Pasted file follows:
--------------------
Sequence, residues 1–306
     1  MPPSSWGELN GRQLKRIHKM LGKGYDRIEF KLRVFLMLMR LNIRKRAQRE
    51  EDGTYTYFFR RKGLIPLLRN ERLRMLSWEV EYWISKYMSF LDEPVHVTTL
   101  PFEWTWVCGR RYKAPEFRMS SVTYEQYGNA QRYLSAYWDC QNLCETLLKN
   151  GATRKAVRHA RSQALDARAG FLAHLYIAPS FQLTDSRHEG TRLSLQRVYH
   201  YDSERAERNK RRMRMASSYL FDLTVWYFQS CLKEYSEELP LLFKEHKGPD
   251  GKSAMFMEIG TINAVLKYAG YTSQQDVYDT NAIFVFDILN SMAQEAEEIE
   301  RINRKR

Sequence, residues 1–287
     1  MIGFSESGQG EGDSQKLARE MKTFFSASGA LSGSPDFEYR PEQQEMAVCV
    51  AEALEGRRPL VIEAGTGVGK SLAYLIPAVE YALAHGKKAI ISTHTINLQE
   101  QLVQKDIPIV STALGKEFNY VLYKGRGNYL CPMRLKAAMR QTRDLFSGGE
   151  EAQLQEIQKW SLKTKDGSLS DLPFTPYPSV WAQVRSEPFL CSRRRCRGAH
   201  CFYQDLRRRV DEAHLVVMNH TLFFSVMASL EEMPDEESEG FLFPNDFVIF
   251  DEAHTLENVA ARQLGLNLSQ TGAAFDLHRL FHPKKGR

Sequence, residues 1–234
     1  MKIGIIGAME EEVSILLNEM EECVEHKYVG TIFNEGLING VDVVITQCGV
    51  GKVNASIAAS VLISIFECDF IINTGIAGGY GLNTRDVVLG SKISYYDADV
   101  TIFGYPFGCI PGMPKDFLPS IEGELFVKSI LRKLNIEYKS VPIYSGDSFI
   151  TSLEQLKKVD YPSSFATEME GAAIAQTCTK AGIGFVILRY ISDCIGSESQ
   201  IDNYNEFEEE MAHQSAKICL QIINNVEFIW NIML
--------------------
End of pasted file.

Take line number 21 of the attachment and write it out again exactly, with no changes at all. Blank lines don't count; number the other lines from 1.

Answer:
   201  IDNYNEFEEE MAHQSAKICL QIINNVEFIW NIML